About

Luca Ciucci studied linguistics as Scuola Normale Superiore di Pisa, in Italy. Moved by a passion for learning new languages, in September 2007 he began his research on the Zamucoan languages (Ayoreo, Chamacoco and Old Zamuco) with a special focus on morphology and the genetic relationships between these languages spoken in southern Bolivia and northern Paraguay. In 2009 he discovered the earliest grammar of Ecuadorian Quechua. His doctoral dissertation, defended in April 2013, concerned the study of the morphology in Zamucoan and his recent book Inflectional morphology in the Zamucoan languages (published by CEADUC) is considered the most detailed morphological description of a South American language family. He is now working on a descriptive grammar of Chamacoco (Ebitoso), an endangered and undescribed language spoken in Paraguay by approximately 1,800 speakers. He aims at preserving a part of our cultural heritage through language documentation. He is also working on the reconstruction of Proto-Zamuco and on an up-dated grammar of Old Zamuco, now extinct, based on the data collected by the Jesuit missioner Ignace Chomé in the 18th century. In May 2017 he began the documentation of Chiquitano (aka Bésɨro), with a particular focus on language contact between Chiquitano and the surrounding languages, and the evolution of Chiquitano through the comparison between different Chiquitano varieties spoken nowadays and the historical documents available on this language.

For more information: http://www.cairnsinstitute.jcu.edu.au/luca-ciucci/

Research Disciplines
Socio-Economic Objectives
Honours
Awards
  • 2005 - Winner of a full-time scholarship at Scuola Superiore Sant’Anna (Pisa), Economic Sciences.
  • 2015 to 2016 - Young Researcher Grant from Scuola Normale Superiore for the project "Critical edition and linguistic comment of Chomé’s Vocabulario de la lengua zamuca" (Principal Investigator).
  • 2014 to 2015 - Young Researcher Grant from Scuola Normale Superiore for the project "Language contact in the Chaco linguistic area: morphological borrowing in and from the Zamucoan family" (Principal Investigator).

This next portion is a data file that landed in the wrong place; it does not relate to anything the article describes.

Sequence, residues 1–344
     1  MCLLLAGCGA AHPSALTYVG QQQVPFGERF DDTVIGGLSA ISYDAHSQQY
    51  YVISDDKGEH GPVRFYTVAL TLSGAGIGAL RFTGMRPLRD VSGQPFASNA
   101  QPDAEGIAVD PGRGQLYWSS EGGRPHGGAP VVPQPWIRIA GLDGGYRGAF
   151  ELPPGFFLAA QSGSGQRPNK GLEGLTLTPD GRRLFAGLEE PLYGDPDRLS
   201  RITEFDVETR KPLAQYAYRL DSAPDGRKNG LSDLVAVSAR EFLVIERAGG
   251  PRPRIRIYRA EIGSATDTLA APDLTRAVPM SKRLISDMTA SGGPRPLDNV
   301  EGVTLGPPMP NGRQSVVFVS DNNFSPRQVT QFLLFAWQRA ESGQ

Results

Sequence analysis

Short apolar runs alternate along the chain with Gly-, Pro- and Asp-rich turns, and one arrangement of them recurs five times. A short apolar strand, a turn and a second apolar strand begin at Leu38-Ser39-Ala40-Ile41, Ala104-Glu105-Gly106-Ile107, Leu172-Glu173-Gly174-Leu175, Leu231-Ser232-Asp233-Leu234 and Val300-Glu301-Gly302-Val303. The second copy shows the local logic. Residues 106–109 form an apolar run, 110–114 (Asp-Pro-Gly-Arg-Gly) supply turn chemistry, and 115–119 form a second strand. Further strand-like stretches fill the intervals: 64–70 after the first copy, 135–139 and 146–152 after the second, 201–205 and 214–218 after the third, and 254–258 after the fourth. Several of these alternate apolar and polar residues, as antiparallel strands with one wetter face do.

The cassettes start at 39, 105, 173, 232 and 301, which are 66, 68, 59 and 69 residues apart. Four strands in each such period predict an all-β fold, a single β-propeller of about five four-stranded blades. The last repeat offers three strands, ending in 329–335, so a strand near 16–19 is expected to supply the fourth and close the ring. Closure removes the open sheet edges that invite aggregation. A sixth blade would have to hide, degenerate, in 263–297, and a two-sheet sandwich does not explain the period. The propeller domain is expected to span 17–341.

• 2014 - Prize for the best presentation by young scholars (category Post-docs) at "Chronos, 11th th International Conference on Actionality, Tense, Aspect, Modality/Evidentiality". Scuola Normale Superiore, Pisa. June 16-18, 2014.
  • 2013 to 2014 - Young Researcher Grant from Scuola Normale Superiore for the project "Lexicographical and Morphological Studies on Ancient Zamuco and its Dialects" (Principal Investigator).
  • 2008 to 2012 - Winner of a Ph.D. position with full-time scholarship at Scuola Normale Superiore (Pisa).
  • 2005 to 2008 - Winner of a full-time scholarship at Scuola Normale Superiore (Pisa), Litterary Studies (Classe di Lettere).
Publications

These are the most recent publications associated with this author. To see a detailed profile of all publications stored at JCU, visit ResearchOnline@JCU. Hover over Altmetrics badges to see social impact.

Journal Articles
Books
Book Chapters
  • Ciucci L and Bertinetto P (2019) Possessive classifiers in Zamucoan. In: Genders and Classifiers: A Cross-Linguistic Typology. Explorations in Linguistic Typology. Oxford University Press, Oxford, UK, pp. 144-175
  • Ciucci L (2019) On the lexeme 'head' in Zamucoan. In: Embodiment in Cross-Linguistic Studies. Brill's Studies in Language, Cognition and Culture, 20. Brill, Leiden, The Netherlands, pp. 28-50
Conference Papers
More

ResearchOnline@JCU stores 25+ research outputs authored by Dr Luca Ciucci from 2008 onwards.

Current Funding

Current and recent Research Funding to JCU is shown by funding source and project.

Universities Australia and German Academic Exchange Service (DAAD) - Australia-Germany Joint Research Cooperation Scheme

Language emergence in multilingual contexts

Indicative Funding
$25,000 over 2 years
Summary
As European colonisation spread around the world, European languages infiltrated numerous areas, giving rise to new language varieties. Bringing indigenous people from various language groups together ? on plantations, in missions and boarding schools ? has resulted in creating new forms of dominant languages for inter-group communication, among them European-based Creoles (such as Tok Pisin, the English-based Creole, and the previously undescribed Unserdeutsch, a creolized variety of German, in PNG). New blended languages emerge, as communities come to live together. We focus on areas of high linguistic diversity covering New Guinea, Amazonia, and East Asia, in the context of multilingual situations.
Investigators
Alexandra Aikhenvald, Luca Ciucci, Katarzyna Wojtylak, Nathan White and Junwei Bai in collaboration with Peter Maitz, Siegwalt Lindenfelser, Lena-Marie Schmidkunz, Katharina Neumeier and Salome Lipfert (College of Arts, Society & Education and Universitat Augsburg)
Keywords
Creole language; Papuan languages; languages of East Asia; new languages; Hmong language; Unserdeutsch

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